Don’t post your code, your (failed) attempt and say “how can I do this”. I get those all of the time. The question goes along the lines of — I’m trying to get a report that looks like this [example here…] from data that looks like this [output of selects here]. I’m using this query [select ….] but it isn’t working. Help!
There is a lot wrong with that. First — make sure to provide the SCRIPT to create the table and data. Second, when you show the outputs — explain “why they are the way they are”. Don’t expect the person on the other end to be able to deduce it. Remember, as just stated, you have been consumed by this problem for a while. We have not. What is obvious to you is “way out there” to us. The assumptions you make, we don’t see them. Understanding the model (the data model — primary, foreign, nullable, etc) and understanding the desired output is key. Looking at your attempt that doesn’t work — only confuses us mostly! It is hard to figure out what you might have been thinking as you wrote it — what assumptions about the SQL or PLSQL language for example you made that were wrong (and we don’t share). That makes it impossible for us to read your failed attempt and figure out what is was meant to do.
And remember, if you cannot phrase your requirements, state your problem, in text – then you have not thought it through yet; you do not know what it is you have to accomplish! So, if you say “it is really hard to explain”, that means you don’t understand the problem yourself — time to go back to the drawing board and think about it. You need to be able to document what this thing is doing.
I’m saying this for the third time. You have been consumed by this problem for hours, days or weeks. We have not. When you followup in a threaded discussion, make sure to keep SOME of the context. For example, on asktom when I get a question that needs more information — the system sends the person asking the question an email with a link back to the site. The email says “use this link, I need more detail about <whatever>”. Well, about one in ten people don’t just add additional information — they replace what WAS there with the new information. Now I have to send them another email asking for the old material back! I have no idea what the question was. (that just made me think, maybe the email should say that and now it does, I just updated the template)
This is especially true in an email trail. I get lots of email as I’m sure we all do. When I get an email like “I tried what you said, but it did not work.” — the only thing I can do is reply with “huh?”. Leave some context, some bread crumbs in there.
Less is More
This is not a cut and paste mistake, it is here twice. People who have read my stuff before will understand this analogy — What bind variables are to application development, Less is More is to providing an example to be looked at.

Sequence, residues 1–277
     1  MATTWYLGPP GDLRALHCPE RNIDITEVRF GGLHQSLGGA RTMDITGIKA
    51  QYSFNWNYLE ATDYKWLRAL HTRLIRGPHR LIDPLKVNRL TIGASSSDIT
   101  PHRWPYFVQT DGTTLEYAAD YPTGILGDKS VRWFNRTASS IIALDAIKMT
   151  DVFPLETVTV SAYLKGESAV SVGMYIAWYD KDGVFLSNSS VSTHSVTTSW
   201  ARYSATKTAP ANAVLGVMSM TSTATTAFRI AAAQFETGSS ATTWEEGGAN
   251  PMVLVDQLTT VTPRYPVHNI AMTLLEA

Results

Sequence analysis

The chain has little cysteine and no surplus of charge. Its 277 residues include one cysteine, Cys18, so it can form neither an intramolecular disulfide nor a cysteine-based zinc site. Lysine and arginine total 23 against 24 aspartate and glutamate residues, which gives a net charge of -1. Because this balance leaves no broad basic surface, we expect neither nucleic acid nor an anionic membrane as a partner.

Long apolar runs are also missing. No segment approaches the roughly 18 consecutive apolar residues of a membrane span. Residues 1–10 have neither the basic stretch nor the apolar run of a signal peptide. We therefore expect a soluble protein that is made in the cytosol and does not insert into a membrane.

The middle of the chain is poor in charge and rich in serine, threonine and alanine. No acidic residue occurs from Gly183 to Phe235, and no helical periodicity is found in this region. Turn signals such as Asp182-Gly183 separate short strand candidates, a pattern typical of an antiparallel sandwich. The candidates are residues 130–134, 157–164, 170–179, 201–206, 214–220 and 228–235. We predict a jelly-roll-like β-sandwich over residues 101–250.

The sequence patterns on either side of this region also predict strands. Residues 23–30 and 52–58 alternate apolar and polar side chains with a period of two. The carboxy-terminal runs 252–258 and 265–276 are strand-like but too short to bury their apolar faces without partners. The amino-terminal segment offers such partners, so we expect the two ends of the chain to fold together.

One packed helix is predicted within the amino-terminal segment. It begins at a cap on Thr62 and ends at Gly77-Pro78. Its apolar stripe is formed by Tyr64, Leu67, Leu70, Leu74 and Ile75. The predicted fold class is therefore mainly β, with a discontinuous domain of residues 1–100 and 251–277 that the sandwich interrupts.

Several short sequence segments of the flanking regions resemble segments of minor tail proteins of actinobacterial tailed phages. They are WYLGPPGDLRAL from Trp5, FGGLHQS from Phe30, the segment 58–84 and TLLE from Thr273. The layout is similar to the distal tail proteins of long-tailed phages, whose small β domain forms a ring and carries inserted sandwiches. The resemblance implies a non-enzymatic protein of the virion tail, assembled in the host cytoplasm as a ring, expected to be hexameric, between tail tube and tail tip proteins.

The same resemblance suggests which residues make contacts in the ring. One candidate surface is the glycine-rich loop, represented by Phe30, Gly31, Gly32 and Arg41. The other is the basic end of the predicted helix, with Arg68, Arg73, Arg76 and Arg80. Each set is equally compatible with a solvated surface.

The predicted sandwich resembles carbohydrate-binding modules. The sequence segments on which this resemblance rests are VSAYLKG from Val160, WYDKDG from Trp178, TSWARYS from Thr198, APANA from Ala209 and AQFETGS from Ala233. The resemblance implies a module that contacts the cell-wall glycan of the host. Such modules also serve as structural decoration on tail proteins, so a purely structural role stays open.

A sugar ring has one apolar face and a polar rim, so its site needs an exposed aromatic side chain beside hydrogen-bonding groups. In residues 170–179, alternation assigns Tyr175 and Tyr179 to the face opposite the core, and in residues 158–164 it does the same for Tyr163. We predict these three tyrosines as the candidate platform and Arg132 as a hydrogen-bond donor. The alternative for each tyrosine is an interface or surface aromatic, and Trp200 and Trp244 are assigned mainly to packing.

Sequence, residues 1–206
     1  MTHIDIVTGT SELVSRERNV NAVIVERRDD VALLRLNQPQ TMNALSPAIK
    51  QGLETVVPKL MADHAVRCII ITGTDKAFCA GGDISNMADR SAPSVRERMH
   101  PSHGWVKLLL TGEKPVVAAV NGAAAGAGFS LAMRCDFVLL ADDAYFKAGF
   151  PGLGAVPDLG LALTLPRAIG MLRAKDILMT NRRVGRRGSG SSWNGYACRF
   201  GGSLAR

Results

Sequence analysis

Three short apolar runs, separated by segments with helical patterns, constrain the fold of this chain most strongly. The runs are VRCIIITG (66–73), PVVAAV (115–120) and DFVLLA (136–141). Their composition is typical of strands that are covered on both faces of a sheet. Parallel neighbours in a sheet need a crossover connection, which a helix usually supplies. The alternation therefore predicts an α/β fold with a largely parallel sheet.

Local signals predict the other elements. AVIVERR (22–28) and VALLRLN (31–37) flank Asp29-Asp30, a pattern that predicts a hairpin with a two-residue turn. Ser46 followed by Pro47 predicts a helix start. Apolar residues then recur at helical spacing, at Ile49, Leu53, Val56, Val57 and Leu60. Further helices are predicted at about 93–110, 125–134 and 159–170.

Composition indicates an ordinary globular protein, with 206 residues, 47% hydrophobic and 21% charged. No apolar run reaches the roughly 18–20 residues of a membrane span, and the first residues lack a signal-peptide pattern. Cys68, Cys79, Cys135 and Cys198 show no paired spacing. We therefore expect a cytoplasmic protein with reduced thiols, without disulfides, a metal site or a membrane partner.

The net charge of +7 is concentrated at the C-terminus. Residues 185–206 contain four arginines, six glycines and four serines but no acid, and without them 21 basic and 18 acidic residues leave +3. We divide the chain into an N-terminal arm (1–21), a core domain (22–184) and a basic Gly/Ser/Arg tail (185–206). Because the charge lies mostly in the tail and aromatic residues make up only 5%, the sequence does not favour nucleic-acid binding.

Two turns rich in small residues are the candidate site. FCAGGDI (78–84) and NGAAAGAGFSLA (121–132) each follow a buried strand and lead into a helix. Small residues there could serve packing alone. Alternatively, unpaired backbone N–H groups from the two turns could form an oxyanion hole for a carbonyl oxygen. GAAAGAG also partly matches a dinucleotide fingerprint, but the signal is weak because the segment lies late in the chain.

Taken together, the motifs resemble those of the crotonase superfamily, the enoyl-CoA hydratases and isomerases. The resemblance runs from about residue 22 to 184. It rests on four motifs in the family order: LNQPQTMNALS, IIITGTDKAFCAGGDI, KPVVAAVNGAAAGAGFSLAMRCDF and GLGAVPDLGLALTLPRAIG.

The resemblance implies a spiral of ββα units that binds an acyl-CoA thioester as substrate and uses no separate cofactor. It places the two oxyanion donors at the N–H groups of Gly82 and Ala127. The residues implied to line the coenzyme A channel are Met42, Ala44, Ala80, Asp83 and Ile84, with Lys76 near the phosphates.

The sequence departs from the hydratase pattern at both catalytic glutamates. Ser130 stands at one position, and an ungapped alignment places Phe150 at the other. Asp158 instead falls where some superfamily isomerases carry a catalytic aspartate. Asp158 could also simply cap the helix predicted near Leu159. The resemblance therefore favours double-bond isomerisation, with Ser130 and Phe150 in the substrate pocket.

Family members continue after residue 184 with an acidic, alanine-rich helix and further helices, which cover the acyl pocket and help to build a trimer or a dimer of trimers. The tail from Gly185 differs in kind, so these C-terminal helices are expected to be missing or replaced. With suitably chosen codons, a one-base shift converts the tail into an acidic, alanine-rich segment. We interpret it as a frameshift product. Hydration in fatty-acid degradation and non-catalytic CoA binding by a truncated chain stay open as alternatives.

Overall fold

Make the example 500 lines long — chances are very slim anyone will look at it. Make it 10 lines long and everyone will. Do you really need a table with 300 columns to reproduce the issue? Or would 5 columns do it. Do these columns need to have insanely long mangled names (you have to love column names from SAP, they are the best). Or could short — yet meaningful names be used?
Oh and make sure the example output matches the test case, nothing more frustrating then debugging a debugging session!
Don’t assume the person on the other end of the network connection thinks, feels, defaults things, does things — the way you do. They probably don’t. State your assumptions. Examples should be small. Explanations big.
And don’t get bent out of shape if the person on the other end asks “WHY”. Why means “you didn’t provide enough information” many times. Other times Why means “I’ve been doing this stuff for a while, are you really sure you want to make this mistake”. Don’t get upset of the person trying to help gives you a piece of advice you think was insulting. It probably wasn’t. They don’t know you, you don’t know them. They have no idea how experienced you are (or aren’t). They don’t know what you tried (or haven’t tried). Their suggestion might have been obvious to you (and hence ‘insulting’), but not so obvious to them. Don’t get offended, until both people know who they are talking to — no assumptions about level of knowledge can be made. And remember, we all overlook the obvious sometimes – I do, you do, we all do – so sometimes stating the obvious is the solution. So, don’t be insulted.